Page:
"His eyes impressed me most of all. There was a liquid quality about them which indicated keen perception and profound sympathy." - Mackenzie King describes Adolph Hitler
In the 1930s, fascism thrived in Europe and the world moved closer to war.
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Rise of the Fascists
Rise of Hitler
Mackenzie King visits Hitler and appeases Germany on the brink of the Second World War
Hate at the Top
Jews face powerful prejudice in Canada as they try to escape Nazi Germany
Canada Goes to War
The country decides what role it will play as Hitler's army sweeps through Europe
In 1933, Adolph Hilter was elected German Chancellor and immediately began transforming the German economy into a war machine. By the late 1930s, Germans led other countries in Europe in their forces of destruction. Germany's submarine force surpassed England's fleet . And its airforce and army were formidable.
Hitler's goal was to make Germany the most important power in Europe. His envisioned a society centered on the superiority of the Aryan race and the elimination of the Jewish people.
In 1937, Hitler annexed Austria on March 13, 1938 and a year later completed a takeover of Czechoslovakia.
European and North American leaders, including Canadian Prime Minister Mackenzie King supported the policy of "appeasement" of Germany. Leaders accepted Hitler's increasingly aggressive moves hoping Germany would be satiated once it had consolidated the German-speaking areas of Europe.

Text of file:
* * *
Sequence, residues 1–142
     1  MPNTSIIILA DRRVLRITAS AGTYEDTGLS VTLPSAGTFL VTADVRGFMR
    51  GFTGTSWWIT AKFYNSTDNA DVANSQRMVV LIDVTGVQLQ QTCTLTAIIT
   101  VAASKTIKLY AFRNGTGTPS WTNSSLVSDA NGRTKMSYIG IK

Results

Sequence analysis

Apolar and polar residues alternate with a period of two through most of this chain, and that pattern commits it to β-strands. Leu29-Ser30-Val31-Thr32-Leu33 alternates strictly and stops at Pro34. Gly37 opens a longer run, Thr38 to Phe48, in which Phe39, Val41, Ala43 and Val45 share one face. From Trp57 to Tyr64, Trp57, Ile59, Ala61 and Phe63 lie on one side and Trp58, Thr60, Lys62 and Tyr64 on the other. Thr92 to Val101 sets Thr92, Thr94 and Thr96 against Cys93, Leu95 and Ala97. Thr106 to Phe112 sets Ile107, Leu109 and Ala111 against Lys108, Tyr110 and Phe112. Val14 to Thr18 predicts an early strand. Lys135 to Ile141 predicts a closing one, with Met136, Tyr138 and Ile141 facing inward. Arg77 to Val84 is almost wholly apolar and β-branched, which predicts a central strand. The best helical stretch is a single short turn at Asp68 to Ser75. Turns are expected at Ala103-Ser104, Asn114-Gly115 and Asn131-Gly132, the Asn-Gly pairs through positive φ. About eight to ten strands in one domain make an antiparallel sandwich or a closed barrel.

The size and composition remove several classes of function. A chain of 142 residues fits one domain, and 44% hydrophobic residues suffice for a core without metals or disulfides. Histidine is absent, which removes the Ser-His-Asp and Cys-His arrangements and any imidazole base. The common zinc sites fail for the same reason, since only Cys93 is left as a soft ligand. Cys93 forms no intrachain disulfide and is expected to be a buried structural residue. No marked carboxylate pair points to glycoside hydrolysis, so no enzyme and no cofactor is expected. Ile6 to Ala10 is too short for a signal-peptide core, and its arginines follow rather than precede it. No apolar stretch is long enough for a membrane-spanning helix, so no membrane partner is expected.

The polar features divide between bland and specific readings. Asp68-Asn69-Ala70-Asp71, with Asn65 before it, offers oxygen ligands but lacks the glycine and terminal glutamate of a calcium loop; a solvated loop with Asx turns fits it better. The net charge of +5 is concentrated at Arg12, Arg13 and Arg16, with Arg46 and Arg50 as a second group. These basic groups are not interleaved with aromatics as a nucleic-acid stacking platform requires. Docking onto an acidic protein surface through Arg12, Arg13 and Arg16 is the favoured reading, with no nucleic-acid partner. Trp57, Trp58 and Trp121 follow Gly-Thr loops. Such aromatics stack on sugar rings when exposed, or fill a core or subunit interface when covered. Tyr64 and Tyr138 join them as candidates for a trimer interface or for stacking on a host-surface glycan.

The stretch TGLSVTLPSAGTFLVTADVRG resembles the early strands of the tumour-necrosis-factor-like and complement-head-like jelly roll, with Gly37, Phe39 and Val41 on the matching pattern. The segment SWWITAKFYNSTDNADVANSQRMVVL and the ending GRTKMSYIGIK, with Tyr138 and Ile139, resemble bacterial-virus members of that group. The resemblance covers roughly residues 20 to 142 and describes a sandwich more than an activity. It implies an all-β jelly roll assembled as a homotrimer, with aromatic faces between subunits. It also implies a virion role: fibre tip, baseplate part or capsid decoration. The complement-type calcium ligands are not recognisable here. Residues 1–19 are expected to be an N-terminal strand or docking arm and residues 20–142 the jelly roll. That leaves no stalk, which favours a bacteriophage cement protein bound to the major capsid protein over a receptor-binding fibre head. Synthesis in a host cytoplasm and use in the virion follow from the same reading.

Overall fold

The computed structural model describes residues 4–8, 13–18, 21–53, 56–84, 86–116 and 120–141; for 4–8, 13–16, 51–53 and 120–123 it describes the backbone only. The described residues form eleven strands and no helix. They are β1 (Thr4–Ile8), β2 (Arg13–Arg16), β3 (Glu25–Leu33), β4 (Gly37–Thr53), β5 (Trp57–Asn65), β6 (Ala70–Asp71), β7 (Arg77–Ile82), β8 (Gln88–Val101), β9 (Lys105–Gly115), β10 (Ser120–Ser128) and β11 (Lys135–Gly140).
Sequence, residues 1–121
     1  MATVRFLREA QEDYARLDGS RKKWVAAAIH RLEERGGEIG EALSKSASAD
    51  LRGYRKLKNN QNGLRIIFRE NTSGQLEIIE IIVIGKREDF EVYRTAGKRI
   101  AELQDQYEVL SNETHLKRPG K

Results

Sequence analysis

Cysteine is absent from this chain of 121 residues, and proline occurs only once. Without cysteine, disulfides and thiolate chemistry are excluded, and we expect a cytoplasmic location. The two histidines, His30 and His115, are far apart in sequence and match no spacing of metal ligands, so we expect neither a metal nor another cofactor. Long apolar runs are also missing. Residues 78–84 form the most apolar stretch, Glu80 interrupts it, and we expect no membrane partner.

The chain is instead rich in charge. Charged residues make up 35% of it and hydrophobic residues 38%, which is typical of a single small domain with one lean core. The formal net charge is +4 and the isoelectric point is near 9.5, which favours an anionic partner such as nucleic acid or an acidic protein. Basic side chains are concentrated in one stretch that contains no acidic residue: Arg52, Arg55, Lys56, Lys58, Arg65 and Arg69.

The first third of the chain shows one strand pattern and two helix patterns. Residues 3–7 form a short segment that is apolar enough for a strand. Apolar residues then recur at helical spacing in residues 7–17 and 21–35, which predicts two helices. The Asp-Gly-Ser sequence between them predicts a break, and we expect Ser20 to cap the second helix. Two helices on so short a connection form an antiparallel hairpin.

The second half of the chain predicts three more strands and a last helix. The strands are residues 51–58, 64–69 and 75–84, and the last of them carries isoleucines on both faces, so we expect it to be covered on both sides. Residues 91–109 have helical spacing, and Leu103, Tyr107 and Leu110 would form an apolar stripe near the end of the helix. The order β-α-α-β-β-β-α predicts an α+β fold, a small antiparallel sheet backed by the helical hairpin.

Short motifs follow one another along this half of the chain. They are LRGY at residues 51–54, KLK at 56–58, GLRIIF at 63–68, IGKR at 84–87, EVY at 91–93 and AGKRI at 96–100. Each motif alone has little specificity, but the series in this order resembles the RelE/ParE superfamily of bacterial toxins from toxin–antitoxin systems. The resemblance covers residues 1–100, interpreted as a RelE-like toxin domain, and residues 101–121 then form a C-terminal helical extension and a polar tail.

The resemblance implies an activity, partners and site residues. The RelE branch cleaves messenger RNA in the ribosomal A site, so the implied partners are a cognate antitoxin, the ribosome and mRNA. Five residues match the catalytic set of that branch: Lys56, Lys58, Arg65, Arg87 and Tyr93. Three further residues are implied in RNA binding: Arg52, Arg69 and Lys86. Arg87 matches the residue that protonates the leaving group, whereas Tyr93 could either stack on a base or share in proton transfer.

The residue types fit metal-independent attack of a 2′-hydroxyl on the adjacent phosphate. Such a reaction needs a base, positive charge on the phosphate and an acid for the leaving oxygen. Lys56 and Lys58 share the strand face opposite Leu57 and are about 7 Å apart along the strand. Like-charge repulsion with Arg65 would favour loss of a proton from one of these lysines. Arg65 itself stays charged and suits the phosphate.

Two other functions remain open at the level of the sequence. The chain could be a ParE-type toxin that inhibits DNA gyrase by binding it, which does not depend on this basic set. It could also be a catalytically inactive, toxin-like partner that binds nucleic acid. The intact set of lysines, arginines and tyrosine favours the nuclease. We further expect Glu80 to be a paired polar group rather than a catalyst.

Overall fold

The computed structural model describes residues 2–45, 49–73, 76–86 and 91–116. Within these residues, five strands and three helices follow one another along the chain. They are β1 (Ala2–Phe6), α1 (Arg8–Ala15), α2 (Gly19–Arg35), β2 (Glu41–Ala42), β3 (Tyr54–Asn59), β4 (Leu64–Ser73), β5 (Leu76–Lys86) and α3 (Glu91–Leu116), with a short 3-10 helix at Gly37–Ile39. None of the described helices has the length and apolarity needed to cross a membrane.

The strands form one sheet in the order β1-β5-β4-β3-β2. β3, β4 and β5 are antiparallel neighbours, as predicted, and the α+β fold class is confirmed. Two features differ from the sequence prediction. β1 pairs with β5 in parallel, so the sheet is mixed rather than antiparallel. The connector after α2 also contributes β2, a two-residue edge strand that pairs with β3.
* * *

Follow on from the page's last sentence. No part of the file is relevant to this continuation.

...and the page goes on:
Then on September 1, 1939, Germany invaded Poland and it was finally clear to world leaders that Hitler could not be appeased. Two days later, Britain and France declared war on Germany.
Canada at war
On September 10, 1939 Canada entered the Second World War. At this point, Prime Minister Mackenzie King's wanted to limit Canada's role in the war. More than half of the country's citizens had no ties to Britain and Canada was reassessing its colonial obligations.
But less than a year later, it was apparent that Canada was in for a long, hard fight. In spring 1940, Hitlerís army moved easily through the Low Countries of Belgium, Netherlands and Luxembourg and into France. With its army of six million, France was one of the most powerful military forces in the world, and expected to be the bulwark for western democracy. But on June 14, ten days after engaging the French army, the Nazis walked into Paris unopposed.
Canada geared up for a full war effort. The Prime Minister commanded factories to begin round-the-clock production of war supplies. By the end of 1940, 200,000 Canadians had volunteered to fight in Europe.